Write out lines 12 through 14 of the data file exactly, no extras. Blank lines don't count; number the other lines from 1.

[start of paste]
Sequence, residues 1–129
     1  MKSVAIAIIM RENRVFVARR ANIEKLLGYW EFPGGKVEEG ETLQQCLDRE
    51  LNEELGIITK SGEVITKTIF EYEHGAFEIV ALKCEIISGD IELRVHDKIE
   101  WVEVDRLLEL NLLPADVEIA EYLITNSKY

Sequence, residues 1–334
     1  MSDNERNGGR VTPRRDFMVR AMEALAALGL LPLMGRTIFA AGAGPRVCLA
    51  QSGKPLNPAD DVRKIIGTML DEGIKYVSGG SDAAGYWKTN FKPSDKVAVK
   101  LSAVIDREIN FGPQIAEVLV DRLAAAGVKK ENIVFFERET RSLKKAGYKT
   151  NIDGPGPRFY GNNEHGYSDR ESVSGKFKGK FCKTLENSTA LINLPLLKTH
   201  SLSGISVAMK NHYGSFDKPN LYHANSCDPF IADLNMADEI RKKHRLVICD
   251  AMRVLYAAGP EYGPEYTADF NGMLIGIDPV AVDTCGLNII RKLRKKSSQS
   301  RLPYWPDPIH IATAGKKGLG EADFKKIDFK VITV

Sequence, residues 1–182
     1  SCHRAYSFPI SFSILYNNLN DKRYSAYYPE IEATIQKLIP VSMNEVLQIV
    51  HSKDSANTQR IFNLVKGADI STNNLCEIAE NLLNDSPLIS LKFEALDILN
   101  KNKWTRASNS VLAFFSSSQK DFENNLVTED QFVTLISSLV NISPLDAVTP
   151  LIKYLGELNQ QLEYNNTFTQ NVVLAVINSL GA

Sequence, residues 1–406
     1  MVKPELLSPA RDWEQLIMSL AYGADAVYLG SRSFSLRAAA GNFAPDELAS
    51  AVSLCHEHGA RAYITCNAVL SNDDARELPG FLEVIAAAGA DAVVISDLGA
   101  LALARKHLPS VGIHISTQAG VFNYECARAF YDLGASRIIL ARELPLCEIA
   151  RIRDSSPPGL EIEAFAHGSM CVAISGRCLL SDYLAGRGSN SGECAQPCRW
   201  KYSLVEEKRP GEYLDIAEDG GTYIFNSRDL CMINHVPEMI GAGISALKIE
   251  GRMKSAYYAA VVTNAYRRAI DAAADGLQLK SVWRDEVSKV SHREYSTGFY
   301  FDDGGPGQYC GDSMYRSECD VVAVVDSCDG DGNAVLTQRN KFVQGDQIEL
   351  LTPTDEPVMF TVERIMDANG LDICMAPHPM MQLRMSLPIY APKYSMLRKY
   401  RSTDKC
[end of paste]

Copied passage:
   301  RLPYWPDPIH IATAGKKGLG EADFKKIDFK VITV

Sequence, residues 1–182
     1  SCHRAYSFPI SFSILYNNLN DKRYSAYYPE IEATIQKLIP VSMNEVLQIV